“You won’t see any more nerdy safari shirts,” he added, and continued to explain that travel is just the hook, while fashion is what keeps the line selling.
Before the spike in what is still a small American business for the U.K. mammoths, Craghoppers was sought by an American magazine while showing early ranges at ORSM two years ago.
McNamara recalled the story when, in a much smaller booth at OR, representatives from National Geographic came to see some of the first American offerings brought by Craghoppers. These pieces included much of what the brand is famous for in the U.K., such as its Insect Shield fabric weave, protective collars, zip-secure pockets and waterproof apparel. Nat Geo wasn’t aimlessly browsing the floor. They were looking for an official apparel partner.
“They were looking around, paid for a range, and it took a year of testing but they liked the products,” said McNamara. That’s the real secret to success, McNamara continued. “If you get the product right, you can find the market.”
National Geographic felt comradery with the Craghoppers story, while also being confident from strenuous testing around the globe that the apparel would hold up in the field. Craghoppers was named the official apparel partner of National Geographic, on a five-year rolling contract. As of June 2014, National Geographic’s Paid and Verified circulation amounted to more than 3.5 million, making it one of the Top 25 U.S. Consumer Magazines according to the Alliance for Audited Media.
“It’s an icon,” McNamara said. “And it’s given us a bit of confidence. Years ago people would have laughed at us being here (at ORSM).”
Another benefit that came with the partnership was that Craghoppers now had an official group of apparel testers. The company listens to explorers’ feedback, altering products to perform better based off these in-the-field recommendations. For instance, Craghoppers’ 2016 Adventure Travel range incudes features like crease-resistant fabric, hidden passport pockets, sewn-in sunglass cleaner, vented back design, drying loops and RFDI credit card protection.
What Americans Really Want
Now that the brand has transitioned to the U.S., McNamara is certain, “We are going to double the business this year.” And still, despite keeping with American fashion trends and gaining a big-name sponsor, he does not believe either move is the main cause of the brand’s American success.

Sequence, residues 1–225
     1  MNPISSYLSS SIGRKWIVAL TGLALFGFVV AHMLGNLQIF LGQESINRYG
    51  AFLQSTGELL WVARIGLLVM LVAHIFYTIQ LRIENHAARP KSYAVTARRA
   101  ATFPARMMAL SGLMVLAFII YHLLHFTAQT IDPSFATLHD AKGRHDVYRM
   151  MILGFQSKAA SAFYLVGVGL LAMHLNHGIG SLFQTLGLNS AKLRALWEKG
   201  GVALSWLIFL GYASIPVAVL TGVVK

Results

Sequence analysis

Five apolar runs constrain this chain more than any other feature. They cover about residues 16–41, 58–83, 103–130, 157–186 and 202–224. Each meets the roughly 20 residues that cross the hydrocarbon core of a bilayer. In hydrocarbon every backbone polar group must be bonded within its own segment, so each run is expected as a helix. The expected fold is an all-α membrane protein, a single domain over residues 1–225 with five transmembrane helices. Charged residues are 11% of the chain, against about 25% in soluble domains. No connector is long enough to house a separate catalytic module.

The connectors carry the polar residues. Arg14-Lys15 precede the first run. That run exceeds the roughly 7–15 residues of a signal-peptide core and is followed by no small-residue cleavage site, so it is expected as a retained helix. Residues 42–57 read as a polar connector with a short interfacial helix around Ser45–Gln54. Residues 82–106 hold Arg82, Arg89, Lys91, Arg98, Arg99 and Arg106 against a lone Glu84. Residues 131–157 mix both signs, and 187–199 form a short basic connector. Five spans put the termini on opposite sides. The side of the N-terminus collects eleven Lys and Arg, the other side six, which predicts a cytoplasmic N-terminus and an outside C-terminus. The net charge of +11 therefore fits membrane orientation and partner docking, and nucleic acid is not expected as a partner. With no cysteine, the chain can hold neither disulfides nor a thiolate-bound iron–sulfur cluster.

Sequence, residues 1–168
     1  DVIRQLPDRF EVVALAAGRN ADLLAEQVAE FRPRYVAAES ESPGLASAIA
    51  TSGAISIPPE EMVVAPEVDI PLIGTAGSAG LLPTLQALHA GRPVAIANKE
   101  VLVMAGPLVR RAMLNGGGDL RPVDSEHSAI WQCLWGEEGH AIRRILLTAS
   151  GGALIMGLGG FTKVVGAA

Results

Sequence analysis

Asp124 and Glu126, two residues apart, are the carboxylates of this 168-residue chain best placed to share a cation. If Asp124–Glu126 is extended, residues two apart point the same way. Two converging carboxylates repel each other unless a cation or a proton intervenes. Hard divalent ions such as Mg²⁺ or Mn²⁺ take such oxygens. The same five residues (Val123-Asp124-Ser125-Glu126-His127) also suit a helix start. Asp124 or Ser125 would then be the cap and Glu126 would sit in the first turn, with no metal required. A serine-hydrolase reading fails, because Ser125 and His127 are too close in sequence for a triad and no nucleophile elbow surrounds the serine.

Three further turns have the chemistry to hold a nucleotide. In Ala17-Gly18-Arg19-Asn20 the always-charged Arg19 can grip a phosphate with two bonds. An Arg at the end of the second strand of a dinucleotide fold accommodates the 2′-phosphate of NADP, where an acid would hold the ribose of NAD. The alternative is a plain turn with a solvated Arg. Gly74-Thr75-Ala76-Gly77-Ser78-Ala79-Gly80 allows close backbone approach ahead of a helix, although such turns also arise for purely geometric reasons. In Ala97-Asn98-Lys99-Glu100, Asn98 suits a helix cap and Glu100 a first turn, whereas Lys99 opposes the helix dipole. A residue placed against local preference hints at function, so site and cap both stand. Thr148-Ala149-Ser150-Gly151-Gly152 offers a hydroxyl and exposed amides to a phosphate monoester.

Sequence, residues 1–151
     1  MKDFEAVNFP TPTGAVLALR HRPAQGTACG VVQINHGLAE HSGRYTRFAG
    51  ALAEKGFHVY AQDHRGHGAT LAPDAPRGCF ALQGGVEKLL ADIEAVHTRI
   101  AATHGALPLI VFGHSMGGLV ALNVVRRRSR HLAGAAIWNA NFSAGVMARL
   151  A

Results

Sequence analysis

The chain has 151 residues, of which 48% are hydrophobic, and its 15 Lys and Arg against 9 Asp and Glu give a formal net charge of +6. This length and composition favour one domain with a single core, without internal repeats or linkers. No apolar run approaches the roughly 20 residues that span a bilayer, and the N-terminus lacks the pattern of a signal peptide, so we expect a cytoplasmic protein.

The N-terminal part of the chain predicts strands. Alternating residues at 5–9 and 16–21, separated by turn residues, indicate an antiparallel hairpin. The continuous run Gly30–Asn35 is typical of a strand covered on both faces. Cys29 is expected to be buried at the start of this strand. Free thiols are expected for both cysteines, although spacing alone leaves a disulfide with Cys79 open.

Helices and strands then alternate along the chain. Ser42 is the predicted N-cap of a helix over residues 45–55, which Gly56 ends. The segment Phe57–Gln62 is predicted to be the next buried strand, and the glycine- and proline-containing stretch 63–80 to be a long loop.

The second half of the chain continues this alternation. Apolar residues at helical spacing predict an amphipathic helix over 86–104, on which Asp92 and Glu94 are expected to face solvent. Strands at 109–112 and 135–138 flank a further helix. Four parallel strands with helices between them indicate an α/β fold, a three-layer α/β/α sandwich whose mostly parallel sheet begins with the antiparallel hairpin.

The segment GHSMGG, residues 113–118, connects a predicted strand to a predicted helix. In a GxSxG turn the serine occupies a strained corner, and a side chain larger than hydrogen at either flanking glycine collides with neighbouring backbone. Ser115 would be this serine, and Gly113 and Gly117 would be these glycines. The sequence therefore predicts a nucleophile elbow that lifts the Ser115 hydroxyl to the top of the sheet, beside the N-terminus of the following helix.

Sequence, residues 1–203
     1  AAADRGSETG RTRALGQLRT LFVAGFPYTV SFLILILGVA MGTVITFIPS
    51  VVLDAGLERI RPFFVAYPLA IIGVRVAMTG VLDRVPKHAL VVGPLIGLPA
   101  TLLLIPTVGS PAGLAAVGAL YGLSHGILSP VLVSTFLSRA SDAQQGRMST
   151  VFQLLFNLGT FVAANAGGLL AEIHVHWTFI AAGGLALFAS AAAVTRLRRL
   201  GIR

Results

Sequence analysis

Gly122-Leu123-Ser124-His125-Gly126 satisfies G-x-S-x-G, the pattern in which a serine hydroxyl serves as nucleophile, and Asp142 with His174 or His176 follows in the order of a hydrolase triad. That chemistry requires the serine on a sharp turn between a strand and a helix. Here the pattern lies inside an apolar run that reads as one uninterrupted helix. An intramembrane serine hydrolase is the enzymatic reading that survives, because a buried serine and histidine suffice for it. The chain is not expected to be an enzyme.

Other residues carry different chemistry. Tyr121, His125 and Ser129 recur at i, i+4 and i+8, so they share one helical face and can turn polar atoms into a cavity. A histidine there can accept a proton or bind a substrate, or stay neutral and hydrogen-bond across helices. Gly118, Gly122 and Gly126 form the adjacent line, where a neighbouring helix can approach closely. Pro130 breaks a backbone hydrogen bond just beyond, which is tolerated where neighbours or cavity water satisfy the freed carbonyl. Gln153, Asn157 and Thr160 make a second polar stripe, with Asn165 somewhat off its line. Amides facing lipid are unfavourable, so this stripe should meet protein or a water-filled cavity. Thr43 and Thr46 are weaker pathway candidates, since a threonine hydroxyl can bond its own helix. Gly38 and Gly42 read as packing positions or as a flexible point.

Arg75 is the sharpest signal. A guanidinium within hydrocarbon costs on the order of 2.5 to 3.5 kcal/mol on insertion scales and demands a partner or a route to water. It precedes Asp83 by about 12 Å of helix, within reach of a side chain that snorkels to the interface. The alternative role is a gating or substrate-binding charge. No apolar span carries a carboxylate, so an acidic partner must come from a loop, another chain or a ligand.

“American buyers want to know you’re here long-term. A lot of companies come to the U.S. and are gone the next season,” said McNamara. Craghoppers’ long-standing reputation across the pond provides American consumers with reassurance. Newly founded brands are not able to trumpet this level of experience. “People can go on the internet and see how the brand is established,” McNamara added.
Security in the potential lifespan and visibility of a new brand is not an issue for Craghoppers. The brand overwhelms the search function on Google with pages of social media, apparel reviews and heritage information. However, Craghoppers does face challenges in coming to the U.S., such as growing its five-employee New Hampshire office and bringing on an American design team. But McNamara is not shaken. “We’re in it for the long haul,” he said.
It’s endearing to see such a big brand meet many of the same uphill battles and self conscious sentiments ordinarily reserved for smaller outdoor contenders. But Craghoppers has the optimism of a much younger company. Its willingness to change and adapt to new market demands is refreshing, and furthermore essential for the outdoor industry.